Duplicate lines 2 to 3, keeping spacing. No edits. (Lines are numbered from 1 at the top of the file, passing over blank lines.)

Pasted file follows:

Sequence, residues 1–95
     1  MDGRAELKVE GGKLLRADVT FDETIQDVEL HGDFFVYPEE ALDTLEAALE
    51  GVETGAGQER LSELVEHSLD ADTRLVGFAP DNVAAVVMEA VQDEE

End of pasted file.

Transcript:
     1  MDGRAELKVE GGKLLRADVT FDETIQDVEL HGDFFVYPEE ALDTLEAALE
    51  GVETGAGQER LSELVEHSLD ADTRLVGFAP DNVAAVVMEA VQDEE